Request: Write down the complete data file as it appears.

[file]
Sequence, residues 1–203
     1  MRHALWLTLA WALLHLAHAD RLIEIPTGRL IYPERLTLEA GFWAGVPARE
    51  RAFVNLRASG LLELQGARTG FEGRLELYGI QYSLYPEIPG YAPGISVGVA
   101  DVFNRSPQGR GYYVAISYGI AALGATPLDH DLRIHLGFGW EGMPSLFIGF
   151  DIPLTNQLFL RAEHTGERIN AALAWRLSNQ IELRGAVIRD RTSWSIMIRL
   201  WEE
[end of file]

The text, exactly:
Sequence, residues 1–203
     1  MRHALWLTLA WALLHLAHAD RLIEIPTGRL IYPERLTLEA GFWAGVPARE
    51  RAFVNLRASG LLELQGARTG FEGRLELYGI QYSLYPEIPG YAPGISVGVA
   101  DVFNRSPQGR GYYVAISYGI AALGATPLDH DLRIHLGFGW EGMPSLFIGF
   151  DIPLTNQLFL RAEHTGERIN AALAWRLSNQ IELRGAVIRD RTSWSIMIRL
   201  WEE